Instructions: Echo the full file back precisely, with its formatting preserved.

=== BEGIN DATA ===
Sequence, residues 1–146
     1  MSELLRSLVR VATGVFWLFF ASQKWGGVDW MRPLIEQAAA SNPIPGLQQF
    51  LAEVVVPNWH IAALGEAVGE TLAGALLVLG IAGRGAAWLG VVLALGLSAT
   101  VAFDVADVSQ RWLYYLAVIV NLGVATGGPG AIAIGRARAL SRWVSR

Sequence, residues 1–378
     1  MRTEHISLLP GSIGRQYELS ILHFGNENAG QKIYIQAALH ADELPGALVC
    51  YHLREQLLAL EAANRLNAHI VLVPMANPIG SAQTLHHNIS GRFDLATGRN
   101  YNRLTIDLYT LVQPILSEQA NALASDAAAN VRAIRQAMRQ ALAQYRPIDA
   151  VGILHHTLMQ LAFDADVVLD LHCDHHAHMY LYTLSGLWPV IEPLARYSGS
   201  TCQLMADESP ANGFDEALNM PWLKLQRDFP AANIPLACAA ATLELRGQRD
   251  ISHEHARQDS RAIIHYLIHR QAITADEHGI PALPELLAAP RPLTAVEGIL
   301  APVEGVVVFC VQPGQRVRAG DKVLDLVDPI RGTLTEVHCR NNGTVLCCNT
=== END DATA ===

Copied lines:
Sequence, residues 1–146
     1  MSELLRSLVR VATGVFWLFF ASQKWGGVDW MRPLIEQAAA SNPIPGLQQF
    51  LAEVVVPNWH IAALGEAVGE TLAGALLVLG IAGRGAAWLG VVLALGLSAT
   101  VAFDVADVSQ RWLYYLAVIV NLGVATGGPG AIAIGRARAL SRWVSR

Sequence, residues 1–378
     1  MRTEHISLLP GSIGRQYELS ILHFGNENAG QKIYIQAALH ADELPGALVC
    51  YHLREQLLAL EAANRLNAHI VLVPMANPIG SAQTLHHNIS GRFDLATGRN
   101  YNRLTIDLYT LVQPILSEQA NALASDAAAN VRAIRQAMRQ ALAQYRPIDA
   151  VGILHHTLMQ LAFDADVVLD LHCDHHAHMY LYTLSGLWPV IEPLARYSGS
   201  TCQLMADESP ANGFDEALNM PWLKLQRDFP AANIPLACAA ATLELRGQRD
   251  ISHEHARQDS RAIIHYLIHR QAITADEHGI PALPELLAAP RPLTAVEGIL
   301  APVEGVVVFC VQPGQRVRAG DKVLDLVDPI RGTLTEVHCR NNGTVLCCNT